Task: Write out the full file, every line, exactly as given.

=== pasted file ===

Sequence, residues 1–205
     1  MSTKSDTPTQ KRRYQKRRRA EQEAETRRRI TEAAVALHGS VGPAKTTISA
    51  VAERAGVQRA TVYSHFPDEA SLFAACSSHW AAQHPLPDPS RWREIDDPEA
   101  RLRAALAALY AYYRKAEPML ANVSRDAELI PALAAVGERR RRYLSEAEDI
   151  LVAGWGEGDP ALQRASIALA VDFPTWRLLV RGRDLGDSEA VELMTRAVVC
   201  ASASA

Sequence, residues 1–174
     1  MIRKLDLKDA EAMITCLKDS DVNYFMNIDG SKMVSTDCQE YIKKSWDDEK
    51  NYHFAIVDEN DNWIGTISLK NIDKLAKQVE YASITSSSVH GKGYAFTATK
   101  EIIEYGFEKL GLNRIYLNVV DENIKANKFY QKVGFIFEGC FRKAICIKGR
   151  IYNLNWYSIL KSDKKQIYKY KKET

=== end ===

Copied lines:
Sequence, residues 1–205
     1  MSTKSDTPTQ KRRYQKRRRA EQEAETRRRI TEAAVALHGS VGPAKTTISA
    51  VAERAGVQRA TVYSHFPDEA SLFAACSSHW AAQHPLPDPS RWREIDDPEA
   101  RLRAALAALY AYYRKAEPML ANVSRDAELI PALAAVGERR RRYLSEAEDI
   151  LVAGWGEGDP ALQRASIALA VDFPTWRLLV RGRDLGDSEA VELMTRAVVC
   201  ASASA

Sequence, residues 1–174
     1  MIRKLDLKDA EAMITCLKDS DVNYFMNIDG SKMVSTDCQE YIKKSWDDEK
    51  NYHFAIVDEN DNWIGTISLK NIDKLAKQVE YASITSSSVH GKGYAFTATK
   101  EIIEYGFEKL GLNRIYLNVV DENIKANKFY QKVGFIFEGC FRKAICIKGR
   151  IYNLNWYSIL KSDKKQIYKY KKET